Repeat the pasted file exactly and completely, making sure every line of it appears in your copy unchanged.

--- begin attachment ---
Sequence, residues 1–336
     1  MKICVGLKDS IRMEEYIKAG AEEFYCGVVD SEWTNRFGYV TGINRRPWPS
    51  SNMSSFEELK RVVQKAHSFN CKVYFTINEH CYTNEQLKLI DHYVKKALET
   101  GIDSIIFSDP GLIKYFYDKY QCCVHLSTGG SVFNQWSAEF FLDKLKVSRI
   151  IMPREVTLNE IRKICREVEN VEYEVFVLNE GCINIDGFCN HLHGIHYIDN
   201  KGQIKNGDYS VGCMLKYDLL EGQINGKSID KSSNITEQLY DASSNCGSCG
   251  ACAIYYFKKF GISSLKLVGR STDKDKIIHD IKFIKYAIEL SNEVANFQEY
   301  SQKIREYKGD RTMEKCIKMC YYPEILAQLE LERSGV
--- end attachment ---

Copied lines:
Sequence, residues 1–336
     1  MKICVGLKDS IRMEEYIKAG AEEFYCGVVD SEWTNRFGYV TGINRRPWPS
    51  SNMSSFEELK RVVQKAHSFN CKVYFTINEH CYTNEQLKLI DHYVKKALET
   101  GIDSIIFSDP GLIKYFYDKY QCCVHLSTGG SVFNQWSAEF FLDKLKVSRI
   151  IMPREVTLNE IRKICREVEN VEYEVFVLNE GCINIDGFCN HLHGIHYIDN
   201  KGQIKNGDYS VGCMLKYDLL EGQINGKSID KSSNITEQLY DASSNCGSCG
   251  ACAIYYFKKF GISSLKLVGR STDKDKIIHD IKFIKYAIEL SNEVANFQEY
   301  SQKIREYKGD RTMEKCIKMC YYPEILAQLE LERSGV